Volume Displacement For SPL Chart

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Joined 2001
The following is the chart for how much air must be moved to produce which SPL @ 1Meter/1Watt. For most rooms, the 1Meter/1Watt figure will be reasonably uniform throughout the room.

These figures apply for under 100 Hz. You can extrapolate for above 100 Hz as well. However, below 100 Hz is where displacements become critical.

Remember, these numbers apply to Sealed Systems only!. A Bass Reflex system can produce up to 12 dB higher SPL for the volume displacements listed here.

Interestingly, these volume displacements will apply to the Drone Cone, (Passive Radiator) displacements as well. Not the driven speaker-the displacement of the Drone Cone itself.

This chart is taken from Richard Small, (of Thiele-Small fame), Analysis Of Closed Box Loudspeaker Systems
Part 1: Analysis

Published in the Journal Of The Audio Engineering Society in 1971, (I think it was 1971).

There are two charts. The first is in normal measurements, the second is in metric.

Enjoy. I think everyone will find these useful.

The whole chart fits on your screen if you press F11, assuming you use Windows.

And hats off to Richard Small for making such a useful chart, among so many other things! :) :)
diyAudio Moderator Emeritus
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Here is the chart in normal measurements.


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diyAudio Moderator Emeritus
Joined 2001
Volume dispolacement is calculated by multiplying Cone Area, (Sd) times maximum excursion, (Xmax).

Please note that these charts are calculated using Xmax that is plus or minus. If your Xmax is listed as front-to-back, divide by 2 to use the values on this chart.

One way to calculate cone excursion is take the length of the voice coil, (VcL), subtract the height of the air gap, or gap length, and divide by 2. For instance, if your voice coil is 1" long and your gap height is 0.2", then your Xmax is .40".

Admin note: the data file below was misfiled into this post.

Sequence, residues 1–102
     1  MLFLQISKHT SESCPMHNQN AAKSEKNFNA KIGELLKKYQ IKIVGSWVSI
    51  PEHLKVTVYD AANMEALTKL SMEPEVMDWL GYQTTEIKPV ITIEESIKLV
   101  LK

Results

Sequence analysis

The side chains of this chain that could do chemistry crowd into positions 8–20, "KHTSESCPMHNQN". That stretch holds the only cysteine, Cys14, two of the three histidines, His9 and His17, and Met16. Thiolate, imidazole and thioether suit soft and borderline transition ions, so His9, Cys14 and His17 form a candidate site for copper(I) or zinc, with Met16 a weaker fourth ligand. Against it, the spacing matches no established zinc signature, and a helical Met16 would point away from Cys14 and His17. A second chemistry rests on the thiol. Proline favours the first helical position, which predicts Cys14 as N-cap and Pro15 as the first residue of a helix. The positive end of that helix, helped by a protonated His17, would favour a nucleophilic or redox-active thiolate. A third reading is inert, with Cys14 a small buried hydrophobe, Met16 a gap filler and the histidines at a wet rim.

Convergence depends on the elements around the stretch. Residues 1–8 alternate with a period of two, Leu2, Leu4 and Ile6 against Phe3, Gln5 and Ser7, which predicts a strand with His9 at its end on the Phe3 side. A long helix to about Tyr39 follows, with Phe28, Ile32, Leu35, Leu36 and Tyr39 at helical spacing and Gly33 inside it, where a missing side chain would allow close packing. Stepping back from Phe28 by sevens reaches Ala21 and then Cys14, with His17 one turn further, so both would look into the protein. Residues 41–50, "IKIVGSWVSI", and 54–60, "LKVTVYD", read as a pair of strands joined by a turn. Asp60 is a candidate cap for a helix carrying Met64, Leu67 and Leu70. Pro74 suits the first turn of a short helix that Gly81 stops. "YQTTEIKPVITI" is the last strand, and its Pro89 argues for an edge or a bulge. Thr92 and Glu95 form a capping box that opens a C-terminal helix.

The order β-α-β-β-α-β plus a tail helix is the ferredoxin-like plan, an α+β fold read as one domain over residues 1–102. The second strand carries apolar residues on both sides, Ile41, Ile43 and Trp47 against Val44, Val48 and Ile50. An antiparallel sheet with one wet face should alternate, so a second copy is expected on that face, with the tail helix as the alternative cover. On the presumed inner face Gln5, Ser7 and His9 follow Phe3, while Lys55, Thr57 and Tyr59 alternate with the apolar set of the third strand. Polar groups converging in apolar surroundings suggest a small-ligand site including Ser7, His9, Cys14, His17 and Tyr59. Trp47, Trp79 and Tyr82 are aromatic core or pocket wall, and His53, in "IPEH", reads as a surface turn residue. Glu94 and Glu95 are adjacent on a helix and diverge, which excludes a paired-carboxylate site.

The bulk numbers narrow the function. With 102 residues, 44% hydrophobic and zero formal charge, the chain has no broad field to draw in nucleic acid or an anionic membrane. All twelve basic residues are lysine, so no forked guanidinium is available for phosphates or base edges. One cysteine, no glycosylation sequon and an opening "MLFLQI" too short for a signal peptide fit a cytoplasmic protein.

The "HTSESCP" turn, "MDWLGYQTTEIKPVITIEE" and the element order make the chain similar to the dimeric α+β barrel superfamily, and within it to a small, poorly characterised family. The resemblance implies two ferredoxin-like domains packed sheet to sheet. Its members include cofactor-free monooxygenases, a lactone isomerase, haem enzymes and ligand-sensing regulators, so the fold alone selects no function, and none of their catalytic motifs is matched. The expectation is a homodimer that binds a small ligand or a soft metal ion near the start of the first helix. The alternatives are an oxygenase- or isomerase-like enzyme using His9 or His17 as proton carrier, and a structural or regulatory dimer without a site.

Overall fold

Example: [ (1"-0.2")/2 ] = .40"
Joined 2002
Practical Application

Hi Kelticwizard,

Nice primer. I thought I'd provide a practical application from my early experiences.

The graph below is a reproduction of Small's graph. Based on an article from Audio Mag., I set my goal to be able to produce 1 acoustic Watt (aW) (a bit ambitious, but doable). I had already purchased the JBL drivers, so my approach was backwards, but that's history. I had a JBL 124A, 12" woofer, and a LE10A, 10" mid-bass for each side. I extended the graph past 300Hz for the mid-bass. To the right are the results of my volume displacement calculations. I took those Vd values and created a line on the graph to represent the drivers maximum output capabilities. It shows that a single LE10A is max'ed out reproducing 1aW at just over 100Hz. the 124A was good down to about 65Hz.

Today I have 2 LE10A's per side, so their good to 75Hz. I have also replaced the 124A's with TAD 1601a's. These have a Vd of about 500cu.cm. In a stereo pair they max out at about 40Hz. As Kelticwizard indicated, these woofers get about 12db of help from the port.

Some qualifications next.
Rodd Yamas***a


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Joined 2002
Some Considerations

Care should always be exercised when dealing on the theoretical level. There are typically assumptions made in the development of the theory being applied. You should be aware of these assumptions, and the ramifications if you do not know what the assumptions are.

One of these assumptions is that this graph is valid only in the bass region as Kelticwizard indicated. However, there are other reasons for this limitation then just the one that is indicated by Kelticwizard.

Small's graph has a second scale for SPL. But acoustic power and SPL are not a direct relationship. Outside of the bass region, you must take care in using this approximation.

Acoustic power is a measurement that is not dependent on directionality. The acoustic power generated by a speaker spreads throughout the listening area. In the bass region, this spread is omnidirectional. As the frequency being reproduced increases above about 100Hz (depending on the size or your room and placement of the speaker) the speaker starts to become diractional. It outputs the same amount of acoustic power, but that power becomes more focused. When this happens, the SPL associated with a given acoustic power level in the bass region, begans to increase while the output power stays the same. Once the driver is more then a quarter wavelength away from a room boundry, the relationship between acoustic power and SPL shown in Small's graph begins to change.